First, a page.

Dana’s reaction to Malika when she found out that she was an activist was a curious one. And it makes you wonder if her interest in digging into Malika’s background is more about how she can use it to her advantage over genuine concern over how it would affect Lucia’s campaign.
But the job is already affecting Malika and Angelica’s fledgling relationship. It’s an awkward setup already that Malika is working for Angelica’s ex.
It’s made worse when Malika talks about her day, and she cannot stop discussing Lucia. She seems to idolize the woman a bit, and Angelica does not. It’s hard for them to move forward in their relationship when Malika’s job factors in the way that it does.
And bless the girl, Malika could not stop talking about it. Angelica was sympathetic in that scenario, and it hit almost instantly how little we know about her yet.
Dana: Let me give you some advice. The three most important words in politics are Quid pro quo. Find out what Will wants, get it for him, and then collect by getting what you want.
Malika: Thanks for the advice.
Dana: Another word of advice. There is no free advice. I’m a powerful ally, I’ll be of help to you as long as you’re of help to me.
Hopefully, a mark of their relationship won’t be Malika sharing all of her experiences and life with Angelica in this role as support and listener. It’s always about the balance.
But despite that, the two of them took their relationship to the next level, and it was a nice, seductive scene. Malika was comfortable expressing that it was her first time with a woman, so she didn’t know how to approach things, and she confessed her need and desire for Angelica to take the lead.
Angelica did without an issue and reassured Malika that it’s all about what feels natural and good to her. These are the things that the series always does well, emphasizing that there is no right or wrong way to be what you are.
It’s no playbook on polyamory for Malika no more than it is for her figuring out what she desires while having sex with a woman for the first time.
Malika: I think I’ve been taking it slow because I’ve never been with a woman before. I’m just not exactly sure what to do.
Angelica: All you have to do is whatever feels good and right for you.
Malika: I think I might need you to take the lead.
Angelica: I can do that.
Hopefully, we’ll get to spend some more time with these two. Zuri Adele and Yasmine Aker’s chemistry is different from Adela and Odelya Halevi’s, so it requires some adjustment.
Davia will require some of that in her life, too, now that they’ve officially fired her.
It sucks to see it happen, but it was inevitable that she was on borrowed time at the school because of all the good trouble she was getting into while there.
The real downside is that we won’t have those meaningful scenes and connections Davia shared with her students. Andre and Jessie are some of the best recurring characters we had during that arc.
My heart shattered when Andre tracked Davia down at the Coterie and told her how much she meant to him. She can rest assured that she made a difference in his life and was crucial to him reaching a turning point no matter what happens.
A good teacher can change a child’s life trajectory forever, and their relationship often highlights that well.
Dennis can be a mess sometimes when it’s his life, but you cannot deny he gives the best advice to others. It’s one of the reasons why Davia’s need to withhold things from him in an innate desire to protect him doesn’t bode well.
He knows her too well, and he’s always been one of the few people who gets through to her and tells her the things that she needs to hear.
It is a turning point in her career, and this could be a sign that she should pursue something new and advantageous to her.
I’ll admit, I didn’t have Davia tries out Burlesque on my 2022 Bingo Card, but hell, let’s do this.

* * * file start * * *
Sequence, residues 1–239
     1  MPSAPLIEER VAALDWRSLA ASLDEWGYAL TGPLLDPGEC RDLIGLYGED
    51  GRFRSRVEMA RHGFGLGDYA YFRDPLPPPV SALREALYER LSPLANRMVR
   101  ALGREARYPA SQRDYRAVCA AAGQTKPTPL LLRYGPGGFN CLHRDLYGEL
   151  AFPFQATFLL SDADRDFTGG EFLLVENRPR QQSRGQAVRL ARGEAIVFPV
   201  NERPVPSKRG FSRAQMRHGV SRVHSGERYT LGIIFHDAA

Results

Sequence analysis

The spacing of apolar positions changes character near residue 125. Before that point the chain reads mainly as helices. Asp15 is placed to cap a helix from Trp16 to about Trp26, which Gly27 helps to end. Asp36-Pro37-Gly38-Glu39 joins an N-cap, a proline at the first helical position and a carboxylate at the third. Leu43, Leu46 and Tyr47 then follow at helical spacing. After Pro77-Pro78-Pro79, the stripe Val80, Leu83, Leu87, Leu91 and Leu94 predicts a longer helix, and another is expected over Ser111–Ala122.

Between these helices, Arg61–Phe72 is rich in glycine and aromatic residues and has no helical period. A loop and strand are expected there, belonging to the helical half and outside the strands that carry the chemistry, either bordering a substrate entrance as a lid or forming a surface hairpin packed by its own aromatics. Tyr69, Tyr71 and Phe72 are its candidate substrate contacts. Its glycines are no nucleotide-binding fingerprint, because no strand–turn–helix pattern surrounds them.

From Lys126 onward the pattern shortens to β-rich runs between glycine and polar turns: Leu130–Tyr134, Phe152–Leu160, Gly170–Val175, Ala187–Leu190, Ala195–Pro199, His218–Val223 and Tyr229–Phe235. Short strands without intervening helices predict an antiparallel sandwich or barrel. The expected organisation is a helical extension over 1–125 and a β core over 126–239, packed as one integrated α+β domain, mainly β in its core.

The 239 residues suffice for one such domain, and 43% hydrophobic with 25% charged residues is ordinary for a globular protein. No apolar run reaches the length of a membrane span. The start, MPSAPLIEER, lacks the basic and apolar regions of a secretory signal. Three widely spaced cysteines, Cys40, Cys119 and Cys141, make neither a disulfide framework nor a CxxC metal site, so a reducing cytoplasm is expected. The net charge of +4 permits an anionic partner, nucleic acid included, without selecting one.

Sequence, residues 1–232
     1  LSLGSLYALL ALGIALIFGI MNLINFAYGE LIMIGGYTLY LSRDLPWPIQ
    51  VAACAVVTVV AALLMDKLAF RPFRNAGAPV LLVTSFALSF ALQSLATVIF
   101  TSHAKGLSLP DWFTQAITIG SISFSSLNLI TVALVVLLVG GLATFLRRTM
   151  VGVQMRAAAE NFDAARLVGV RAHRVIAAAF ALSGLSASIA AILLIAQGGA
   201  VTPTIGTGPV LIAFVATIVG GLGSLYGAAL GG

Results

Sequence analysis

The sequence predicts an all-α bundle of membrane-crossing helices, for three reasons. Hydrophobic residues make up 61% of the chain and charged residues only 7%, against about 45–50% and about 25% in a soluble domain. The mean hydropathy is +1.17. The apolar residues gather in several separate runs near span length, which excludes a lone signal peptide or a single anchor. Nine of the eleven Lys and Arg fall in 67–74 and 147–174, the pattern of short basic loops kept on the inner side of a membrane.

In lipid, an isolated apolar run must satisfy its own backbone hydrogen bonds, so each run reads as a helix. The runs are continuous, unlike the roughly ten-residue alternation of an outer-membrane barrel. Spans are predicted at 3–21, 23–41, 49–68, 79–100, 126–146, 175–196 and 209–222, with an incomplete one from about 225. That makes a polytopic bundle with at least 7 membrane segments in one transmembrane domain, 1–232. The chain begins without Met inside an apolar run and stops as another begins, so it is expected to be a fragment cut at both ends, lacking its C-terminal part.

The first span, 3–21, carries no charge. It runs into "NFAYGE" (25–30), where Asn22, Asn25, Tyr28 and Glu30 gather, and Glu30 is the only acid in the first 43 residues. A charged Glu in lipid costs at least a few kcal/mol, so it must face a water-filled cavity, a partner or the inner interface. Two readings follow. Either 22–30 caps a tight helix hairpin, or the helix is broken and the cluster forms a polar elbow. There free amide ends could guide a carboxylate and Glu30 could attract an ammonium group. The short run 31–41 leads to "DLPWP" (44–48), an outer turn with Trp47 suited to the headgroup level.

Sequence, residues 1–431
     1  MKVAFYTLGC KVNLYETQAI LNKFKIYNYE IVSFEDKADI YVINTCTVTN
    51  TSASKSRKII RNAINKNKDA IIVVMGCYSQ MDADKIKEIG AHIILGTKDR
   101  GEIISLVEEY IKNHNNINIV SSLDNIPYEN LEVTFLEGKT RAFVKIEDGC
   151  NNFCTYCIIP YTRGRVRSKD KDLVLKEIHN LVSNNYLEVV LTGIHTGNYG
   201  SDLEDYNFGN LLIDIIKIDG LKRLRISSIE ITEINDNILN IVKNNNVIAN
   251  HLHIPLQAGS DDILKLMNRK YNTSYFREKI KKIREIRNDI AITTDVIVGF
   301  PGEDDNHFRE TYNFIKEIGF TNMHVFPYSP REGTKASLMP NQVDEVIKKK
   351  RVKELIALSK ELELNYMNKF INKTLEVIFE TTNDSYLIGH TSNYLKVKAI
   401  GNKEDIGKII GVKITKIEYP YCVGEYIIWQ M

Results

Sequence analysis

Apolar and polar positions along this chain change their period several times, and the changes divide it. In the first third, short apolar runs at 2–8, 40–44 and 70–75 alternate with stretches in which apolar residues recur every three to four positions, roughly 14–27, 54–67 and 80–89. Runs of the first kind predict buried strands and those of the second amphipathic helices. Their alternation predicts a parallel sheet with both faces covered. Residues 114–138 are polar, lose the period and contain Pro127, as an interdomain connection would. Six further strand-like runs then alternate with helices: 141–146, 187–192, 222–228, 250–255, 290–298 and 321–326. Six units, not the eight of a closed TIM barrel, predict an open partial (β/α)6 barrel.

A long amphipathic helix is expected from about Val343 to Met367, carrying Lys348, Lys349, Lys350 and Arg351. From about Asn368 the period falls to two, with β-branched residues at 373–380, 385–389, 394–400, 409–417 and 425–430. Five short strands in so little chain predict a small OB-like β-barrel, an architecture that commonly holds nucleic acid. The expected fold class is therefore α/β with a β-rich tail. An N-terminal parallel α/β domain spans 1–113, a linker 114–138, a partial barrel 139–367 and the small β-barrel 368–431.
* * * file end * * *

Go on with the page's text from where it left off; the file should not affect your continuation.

Emma Hunton is such a talent, and she looked gorgeous doing her number. We’ll see where this bit goes!
Admittedly, it’s hard to determine where Mariana’s arc at Revitalize is headed.
It remains difficult to process overall or have any real investment in here. It doesn’t help that one’s opinion and interest in the Fight Club girls if there were any, soured some time ago.
What is the most outrageous, exuberant I am Davia Goddamn Moss thing you can imagine?
Mariana is pouring her all into helping her friends, and by now, it seems pointless and unnecessary.
She has an impossible mission ahead of her, and this hour showcased why when Liza, warned by Jackie, no doubt, couldn’t hide that she doesn’t trust Mariana as far as she can throw her.
They all know where Mariana is coming from, and even at her most dubious, her morals regarding something like stealing other people’s work remain intact.
Of course, they’d have her sign a non-compete that bars her from practicing in a similar field for a couple of years. And a big company like that would be smart enough to change enough about the app to pass it off as their own.
I don’t foresee Mariana successfully taking down an entire company on her own from the inside and getting to return to Bulk Beauty afterward. I can’t buy into this storyline in any way.
And Evan’s constant association with problematic cohorts has put a damper on the two of them reuniting romantically again.
However, Mariana’s off-the-clock time as she goes through the stages of grief after Callie moved away is compelling. She did well putting on a strong and supportive face for her sister, but now she’s allowing herself to be hurt and angry, even if it’s only in the confines of their empty room.
We have this version of Mariana, who doesn’t have anyone there to bounce things off of or confide in at the end of the day, and that’s the first time the audience gets to see that.
We know she went off to college on her own, but she probably had close friends and roommates then. Right now, it’s the first time we get to see Mariana alone.
And maybe that’s why she’s throwing herself into this crusade. It’s giving her something to do and directing all of her attention, so she doesn’t have to face the void Callie left.
I’m curious as to what relationships she can explore and develop further to compensate for what she no longer has with her sister gone.
Over to you, Good Trouble Fanatics.
Are you intrigued by Joaquin’s investigation? What’s your impression of Malika’s new job? How do you feel about Mariana’s uphill battle with Revitalize?
You can watch Good Trouble online here via TV Fanatic.
Jasmine Blu is a senior staff writer for TV Fanatic. Follow her on Twitter.